BMW Art Cars: 1975-2010. Watch the film after the jump.
March 31, 2011
March 30, 2011
We all love us some Tumblr sites. Whether it's original content or recycled, we all love to see inspirational images stacked in a tight little column, begging to be moused. Although some will argue that throwing a couple pictures of naked girls, guns, vintage cars and iconic drug-bust images will validate any Tumblr site thus making it "well-curated," others will say only a select few have the visual prowess to properly compile images in a cohesive and intriguing way. (run-on?)
In the vast sea of "well-curated" Tumblr blogs, a couple reign supreme and rule with an iron trident. Those two being Young & Feral, and of course our beloved Yimmy Yayo. Sure, except for a few personal notes on YY, if you told me these two were updated by the same person, I'd probably believe you. Especially knowing they both come from The Land Down Under. But nonetheless, both act as key witnesses for the defense in the trial of "Anyone Can Do It" vs Visual Prowess. Y&F and YY top my daily photo blog hits and always give me something to drag to my desktop. Bookmark em.
I was going to post a bunch of random images here from the two sites... but this isn't a Tumblr blog.
There are a few things I can count on when I visit my parents' house -- a home cooked meal and a stack of magazines on the hallway table for me to take home. Usually it's the last couple months of GQ, (the guilty product of grandkids selling magazine subscriptions for school fundraisers) and a couple random airline magazines or WSJ inserts. Seeing as how I rarely pick up the Wall Street Journal these days since my corporate finance job (nope), it's a welcomed change of pace. And the March edition didn't disappoint.
By far the most interesting article was a highlight on Robert M. Rubin, his house and golf course. As one of the founding members of AIG Trading, Rubin found himself with more money than god at a fairly young age and set out to spend that fortune in some of the most awesome ways possible.
As if collecting and restoring Ferraris to his very personal and arguably controversial standards, Rubin figured he needed a racetrack to drive them on. Seemed like a good idea... except he happened to buy the only one in the Hamptons and was told very soon after that the notion of racing loud cars was simply unacceptable. Read the full article about the course/museum/art gallery and his ongoing restoration of one of modern architecture's most important landmarks he calls home.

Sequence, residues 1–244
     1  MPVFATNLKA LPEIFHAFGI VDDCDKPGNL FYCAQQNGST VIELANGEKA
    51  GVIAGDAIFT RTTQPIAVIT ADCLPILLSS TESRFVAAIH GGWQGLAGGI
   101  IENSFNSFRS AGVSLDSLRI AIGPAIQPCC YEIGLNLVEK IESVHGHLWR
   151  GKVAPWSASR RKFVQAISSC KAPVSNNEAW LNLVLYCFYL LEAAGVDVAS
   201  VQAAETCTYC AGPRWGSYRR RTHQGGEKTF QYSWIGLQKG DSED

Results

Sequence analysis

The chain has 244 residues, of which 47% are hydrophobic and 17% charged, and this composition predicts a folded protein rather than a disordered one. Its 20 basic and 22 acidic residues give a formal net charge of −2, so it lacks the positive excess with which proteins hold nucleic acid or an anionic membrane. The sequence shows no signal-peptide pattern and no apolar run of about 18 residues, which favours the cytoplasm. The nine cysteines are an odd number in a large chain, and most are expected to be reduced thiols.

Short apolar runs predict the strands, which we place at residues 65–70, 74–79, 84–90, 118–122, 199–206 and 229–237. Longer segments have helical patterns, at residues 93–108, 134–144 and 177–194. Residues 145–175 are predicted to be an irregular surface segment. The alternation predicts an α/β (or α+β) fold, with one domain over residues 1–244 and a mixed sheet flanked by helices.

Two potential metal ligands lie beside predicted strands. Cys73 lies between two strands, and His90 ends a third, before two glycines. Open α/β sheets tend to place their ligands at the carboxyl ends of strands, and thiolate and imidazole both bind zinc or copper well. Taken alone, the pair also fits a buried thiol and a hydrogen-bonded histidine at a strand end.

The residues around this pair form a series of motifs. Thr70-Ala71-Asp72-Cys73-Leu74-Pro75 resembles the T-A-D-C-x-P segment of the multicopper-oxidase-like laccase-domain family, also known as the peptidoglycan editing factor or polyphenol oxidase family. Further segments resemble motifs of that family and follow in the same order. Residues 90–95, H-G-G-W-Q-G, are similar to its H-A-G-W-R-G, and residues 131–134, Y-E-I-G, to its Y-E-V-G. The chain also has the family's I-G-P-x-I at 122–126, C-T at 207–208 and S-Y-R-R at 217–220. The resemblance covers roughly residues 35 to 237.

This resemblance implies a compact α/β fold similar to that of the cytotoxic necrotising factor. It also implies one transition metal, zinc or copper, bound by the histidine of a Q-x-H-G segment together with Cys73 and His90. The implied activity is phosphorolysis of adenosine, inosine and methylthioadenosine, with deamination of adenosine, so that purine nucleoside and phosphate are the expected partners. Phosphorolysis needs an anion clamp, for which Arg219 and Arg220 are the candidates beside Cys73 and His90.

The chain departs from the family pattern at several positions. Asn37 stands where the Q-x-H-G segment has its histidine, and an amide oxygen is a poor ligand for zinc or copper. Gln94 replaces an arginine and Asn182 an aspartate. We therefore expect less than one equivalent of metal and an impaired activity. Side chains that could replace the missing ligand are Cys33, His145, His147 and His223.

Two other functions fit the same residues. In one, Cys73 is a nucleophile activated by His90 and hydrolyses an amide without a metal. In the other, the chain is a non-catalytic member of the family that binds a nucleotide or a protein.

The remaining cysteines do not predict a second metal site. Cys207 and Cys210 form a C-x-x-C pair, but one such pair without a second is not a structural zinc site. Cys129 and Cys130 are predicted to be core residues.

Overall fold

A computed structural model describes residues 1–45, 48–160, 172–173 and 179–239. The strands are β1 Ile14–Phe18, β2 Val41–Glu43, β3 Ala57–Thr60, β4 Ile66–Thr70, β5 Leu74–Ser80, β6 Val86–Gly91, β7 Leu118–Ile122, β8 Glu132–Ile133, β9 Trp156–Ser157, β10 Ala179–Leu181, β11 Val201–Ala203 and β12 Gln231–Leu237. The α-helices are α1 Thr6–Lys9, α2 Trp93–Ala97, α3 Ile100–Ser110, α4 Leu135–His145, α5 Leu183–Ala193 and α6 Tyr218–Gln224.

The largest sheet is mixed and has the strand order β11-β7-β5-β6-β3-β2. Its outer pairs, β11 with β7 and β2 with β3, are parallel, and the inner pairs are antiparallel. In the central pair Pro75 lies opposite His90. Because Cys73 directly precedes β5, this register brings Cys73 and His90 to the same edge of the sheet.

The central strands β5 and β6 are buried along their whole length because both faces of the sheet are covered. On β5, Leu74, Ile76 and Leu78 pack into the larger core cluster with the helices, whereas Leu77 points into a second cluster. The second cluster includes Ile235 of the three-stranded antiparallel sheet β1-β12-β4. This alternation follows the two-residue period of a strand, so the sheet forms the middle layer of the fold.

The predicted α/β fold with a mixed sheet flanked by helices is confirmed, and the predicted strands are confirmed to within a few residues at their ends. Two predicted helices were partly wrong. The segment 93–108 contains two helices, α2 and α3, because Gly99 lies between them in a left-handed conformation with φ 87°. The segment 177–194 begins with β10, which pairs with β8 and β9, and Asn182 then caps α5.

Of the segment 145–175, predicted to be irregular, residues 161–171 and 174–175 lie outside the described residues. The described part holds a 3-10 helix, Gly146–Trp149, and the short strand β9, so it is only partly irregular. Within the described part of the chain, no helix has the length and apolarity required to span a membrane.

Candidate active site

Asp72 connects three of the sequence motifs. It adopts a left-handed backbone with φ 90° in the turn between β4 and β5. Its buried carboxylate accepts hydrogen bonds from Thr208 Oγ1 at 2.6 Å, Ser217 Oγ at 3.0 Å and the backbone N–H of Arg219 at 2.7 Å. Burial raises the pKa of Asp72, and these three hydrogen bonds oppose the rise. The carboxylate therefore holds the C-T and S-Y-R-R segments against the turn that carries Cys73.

March 27, 2011
When you gather a bunch of motorcycles, booze, babies, antiques and fire in one place, things are bound to get weird. And they did. "Shutter Speed" was basically a showing of a set of photos Scott Pommier took of Stacie London riding a BMW and spitting fire, a screening of this great film by Toast, and in unapologetic The Selvedge Yard fashion -- an excuse to throw a party. I'm sure The Selvedge Yard or some other well-written blog will have a legitimate recap, so until then I'll just leave you with an abridged photo version. More highlights after the jump.
March 26, 2011
Who's up for a good time tonight? Then come hang out downtown and get your photo appreciation on. I'll be there, supporting my friends at Secret Service, Scott Pommier and JP of The Selvedge Yard. If you find yourself with nothing going on, or even if you already have plans, you should break them, and come hang out with us all. Get all the info after the jump.
March 24, 2011
It's been more than a minute since I've checked in with my friends over at SeaVees, and it's a good thing too. Why good? Because it gave them time to expand their line from the original canvas sneakers to a full-fledged footwear brand with more than a few models I'd kick around. Most notably, the Bayside Moc Hi. Available in brown or blue suede, these guys will have me second thinking the Clarks store in no time.
I posted a few of these a couple weeks ago, but have somehow since turned this into a full fledged series. Shot all within walking distance of my house, the shapes of frustration focuses on the accidental art of graffiti "removal." The idea of art through cover-ups in itself is nothing new. How many of you remember the Espo series when he volunteered for a clean-up crew only to leave key pieces of walls unpainted thus spelling "Espo" all over the city? Or this short film, sent to me after my first post, by Matt McCormick detailing the exact subject matter from a seemingly mockingly pretentious point of view?
The striking element in these walls isn't necessarily the colors or the compositions created in cropping (although that helps), but the level of sophistication in the layers of paint. Not to get all "art school" here, but I can't help but think an artist could work for days on a canvas and not achieve a piece as naturally executed as some of these appear to be. Makes me wonder what the hell art is anyway. And then here I come and merely take a picture of it and claim THAT to be art as well. A vicious cycle. Check out the ongoing project here.
March 21, 2011
It's always good to see good people doing good things and opening good stores and selling good clothes and good vintage things and having good times. That's why it's really good that my buddy, Blair opened General Quarters this month on La Brea.